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April 8, 2005

Colorado court says Blakely retroactive to Apprendi

Providing perhaps the biggest development in a big week, I just got news that yesterday the Colorado Court of Appeals in People v. Johnson, No. 03CA2339 (col. App. Apr. 7, 2005) (available here) concluded "that Blakely applies retroactively to the date that Apprendi established its new rule."  Here's the court's analysis:

In People v. Bradbury, 68 P.3d 494 (Colo. App. 2002), a division of this court concluded that Apprendi did not apply retroactively because it "established a new rule" and "imposed a new obligation" upon trial courts.  People v. Bradbury, supra, 68 P.3d at 497

We adopt the reasoning in Bradbury and conclude that because Apprendi established a new rule which had the effect of overriding a widespread practice of allowing judges to decide facts used to aggravate sentences, Blakely's interpretation of that rule must necessarily apply retroactively to the date the rule was established.  Writing for the majority in Blakely, Justice Scalia clearly limited the holding back to the date of Apprendi when he wrote: "the relevant 'statutory maximum' is not the maximum sentence a judge may impose after finding additional facts, but the maximum he may impose without any additional findings." Blakely, supra, 124 S.Ct. at 2537.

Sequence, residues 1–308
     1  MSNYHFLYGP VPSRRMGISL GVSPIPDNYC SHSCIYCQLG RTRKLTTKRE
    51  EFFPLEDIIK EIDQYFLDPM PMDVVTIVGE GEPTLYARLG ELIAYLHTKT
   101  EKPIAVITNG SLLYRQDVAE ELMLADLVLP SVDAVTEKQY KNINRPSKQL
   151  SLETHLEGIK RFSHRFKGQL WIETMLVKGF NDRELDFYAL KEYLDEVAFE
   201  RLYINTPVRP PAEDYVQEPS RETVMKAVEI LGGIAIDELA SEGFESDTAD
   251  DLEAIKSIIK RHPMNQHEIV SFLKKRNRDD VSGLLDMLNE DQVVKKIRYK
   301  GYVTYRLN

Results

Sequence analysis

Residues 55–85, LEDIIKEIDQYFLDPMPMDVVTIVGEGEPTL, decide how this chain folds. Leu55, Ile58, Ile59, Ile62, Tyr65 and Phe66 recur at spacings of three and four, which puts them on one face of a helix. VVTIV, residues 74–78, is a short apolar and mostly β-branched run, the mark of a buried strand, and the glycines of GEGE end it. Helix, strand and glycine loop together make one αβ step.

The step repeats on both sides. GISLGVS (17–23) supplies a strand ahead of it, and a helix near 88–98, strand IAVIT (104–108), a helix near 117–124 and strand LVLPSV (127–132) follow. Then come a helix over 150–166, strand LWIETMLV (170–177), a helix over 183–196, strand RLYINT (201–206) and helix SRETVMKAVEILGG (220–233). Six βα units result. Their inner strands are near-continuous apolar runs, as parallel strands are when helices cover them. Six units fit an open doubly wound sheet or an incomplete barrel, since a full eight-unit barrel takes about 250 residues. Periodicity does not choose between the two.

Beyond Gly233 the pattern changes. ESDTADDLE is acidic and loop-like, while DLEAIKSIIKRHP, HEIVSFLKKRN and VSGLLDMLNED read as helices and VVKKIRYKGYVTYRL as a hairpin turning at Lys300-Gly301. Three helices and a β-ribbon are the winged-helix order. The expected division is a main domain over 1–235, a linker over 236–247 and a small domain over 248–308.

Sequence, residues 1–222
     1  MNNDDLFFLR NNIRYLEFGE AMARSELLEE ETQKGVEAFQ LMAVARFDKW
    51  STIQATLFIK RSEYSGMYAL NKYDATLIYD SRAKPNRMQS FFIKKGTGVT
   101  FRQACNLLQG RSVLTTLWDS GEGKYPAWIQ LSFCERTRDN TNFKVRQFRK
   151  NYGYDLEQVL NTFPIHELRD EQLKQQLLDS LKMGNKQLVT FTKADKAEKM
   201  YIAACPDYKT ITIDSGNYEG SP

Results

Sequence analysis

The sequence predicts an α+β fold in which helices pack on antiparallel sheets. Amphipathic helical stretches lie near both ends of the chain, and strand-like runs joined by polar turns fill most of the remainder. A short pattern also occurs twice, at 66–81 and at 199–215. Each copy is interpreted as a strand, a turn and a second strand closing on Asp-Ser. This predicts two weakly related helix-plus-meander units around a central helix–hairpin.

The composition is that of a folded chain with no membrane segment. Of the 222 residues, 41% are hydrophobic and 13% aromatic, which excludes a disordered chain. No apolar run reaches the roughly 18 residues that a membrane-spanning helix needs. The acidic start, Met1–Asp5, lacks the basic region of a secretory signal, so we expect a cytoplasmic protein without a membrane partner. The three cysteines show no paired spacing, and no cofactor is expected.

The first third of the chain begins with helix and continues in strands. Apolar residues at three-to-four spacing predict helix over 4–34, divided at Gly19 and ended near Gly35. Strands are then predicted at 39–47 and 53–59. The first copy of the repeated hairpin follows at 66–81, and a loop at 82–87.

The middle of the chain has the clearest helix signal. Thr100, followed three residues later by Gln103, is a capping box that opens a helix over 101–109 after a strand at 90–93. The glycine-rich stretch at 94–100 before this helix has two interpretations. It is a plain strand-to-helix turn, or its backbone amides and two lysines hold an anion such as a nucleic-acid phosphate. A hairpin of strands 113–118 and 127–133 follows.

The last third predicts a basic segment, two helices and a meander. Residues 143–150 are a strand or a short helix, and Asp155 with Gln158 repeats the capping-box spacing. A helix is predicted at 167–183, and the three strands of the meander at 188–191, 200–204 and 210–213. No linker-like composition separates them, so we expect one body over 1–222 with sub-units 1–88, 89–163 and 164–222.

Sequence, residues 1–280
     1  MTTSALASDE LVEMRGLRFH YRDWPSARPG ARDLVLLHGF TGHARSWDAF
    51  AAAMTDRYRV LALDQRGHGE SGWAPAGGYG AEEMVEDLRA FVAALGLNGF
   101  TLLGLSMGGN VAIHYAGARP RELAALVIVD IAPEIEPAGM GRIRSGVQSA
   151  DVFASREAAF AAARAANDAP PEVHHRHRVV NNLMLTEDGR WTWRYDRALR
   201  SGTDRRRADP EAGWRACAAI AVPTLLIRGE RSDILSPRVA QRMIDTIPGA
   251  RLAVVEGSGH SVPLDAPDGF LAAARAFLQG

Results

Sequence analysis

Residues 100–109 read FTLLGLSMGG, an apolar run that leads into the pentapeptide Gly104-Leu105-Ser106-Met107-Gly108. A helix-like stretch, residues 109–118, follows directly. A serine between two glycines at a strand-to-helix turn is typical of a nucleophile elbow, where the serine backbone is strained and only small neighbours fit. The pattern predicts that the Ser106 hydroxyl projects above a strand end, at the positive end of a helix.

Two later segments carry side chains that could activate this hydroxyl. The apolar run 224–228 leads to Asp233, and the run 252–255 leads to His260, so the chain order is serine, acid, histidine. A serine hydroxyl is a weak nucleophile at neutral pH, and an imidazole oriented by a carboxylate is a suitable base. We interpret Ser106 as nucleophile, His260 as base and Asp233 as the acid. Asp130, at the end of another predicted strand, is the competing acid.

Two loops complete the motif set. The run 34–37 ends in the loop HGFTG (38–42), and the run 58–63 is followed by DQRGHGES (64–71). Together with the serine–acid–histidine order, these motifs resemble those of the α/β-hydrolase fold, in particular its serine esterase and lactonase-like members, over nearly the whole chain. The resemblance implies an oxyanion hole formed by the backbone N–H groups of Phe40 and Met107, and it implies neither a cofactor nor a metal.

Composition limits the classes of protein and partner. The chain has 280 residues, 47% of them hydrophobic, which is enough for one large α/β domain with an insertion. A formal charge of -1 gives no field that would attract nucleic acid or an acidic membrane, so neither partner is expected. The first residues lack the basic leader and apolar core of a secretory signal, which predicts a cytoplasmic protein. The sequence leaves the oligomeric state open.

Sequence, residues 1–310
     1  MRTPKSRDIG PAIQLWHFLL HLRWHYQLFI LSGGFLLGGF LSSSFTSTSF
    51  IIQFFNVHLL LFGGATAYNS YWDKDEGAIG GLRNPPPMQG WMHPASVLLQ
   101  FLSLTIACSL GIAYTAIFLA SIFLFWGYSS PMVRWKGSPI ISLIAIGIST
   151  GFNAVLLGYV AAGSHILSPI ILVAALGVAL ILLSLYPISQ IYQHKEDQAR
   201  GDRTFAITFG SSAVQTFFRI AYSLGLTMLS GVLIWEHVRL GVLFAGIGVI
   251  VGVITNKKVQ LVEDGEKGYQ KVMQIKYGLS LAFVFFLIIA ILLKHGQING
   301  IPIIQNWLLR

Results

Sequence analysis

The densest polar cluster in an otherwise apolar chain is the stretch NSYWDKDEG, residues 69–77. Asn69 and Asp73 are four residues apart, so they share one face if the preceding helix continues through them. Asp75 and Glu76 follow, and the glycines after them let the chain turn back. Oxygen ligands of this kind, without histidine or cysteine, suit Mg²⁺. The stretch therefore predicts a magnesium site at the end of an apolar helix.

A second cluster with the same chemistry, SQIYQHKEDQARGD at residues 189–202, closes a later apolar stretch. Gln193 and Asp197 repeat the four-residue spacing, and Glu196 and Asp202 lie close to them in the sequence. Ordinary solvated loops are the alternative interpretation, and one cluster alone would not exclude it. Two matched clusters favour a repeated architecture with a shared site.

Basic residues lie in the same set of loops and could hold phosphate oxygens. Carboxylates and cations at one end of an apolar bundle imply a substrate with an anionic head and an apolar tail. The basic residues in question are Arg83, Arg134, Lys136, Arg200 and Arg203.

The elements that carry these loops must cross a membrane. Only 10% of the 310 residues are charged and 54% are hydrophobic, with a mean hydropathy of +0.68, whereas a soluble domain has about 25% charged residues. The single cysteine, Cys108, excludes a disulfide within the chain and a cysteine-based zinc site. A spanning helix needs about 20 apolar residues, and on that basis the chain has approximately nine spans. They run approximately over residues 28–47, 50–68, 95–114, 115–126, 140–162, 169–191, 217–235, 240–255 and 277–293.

Because Blakely explains and clarifies Apprendi, we apply it retroactively to defendant's sentence, which was imposed after Apprendi was announced.  We note at least two federal cases which have held that Blakely does not apply retroactively to collateral attacks against convictions. See, e.g., In re Dean, 375 F.3d 1287, 1290 (11th Cir. 2004); United States v. Stoltz, 325 F. Supp. 2d 982, 987 (D. Minn. 2004). In concluding that retroactive application should be made here, we nevertheless do not apply Blakely to collateral attacks against convictions unless those convictions postdated ApprendiPeople v. Dunlap (Colo. App. No. 01CA1082, Sept. 9, 2004).

April 8, 2005 at 06:26 PM | Permalink


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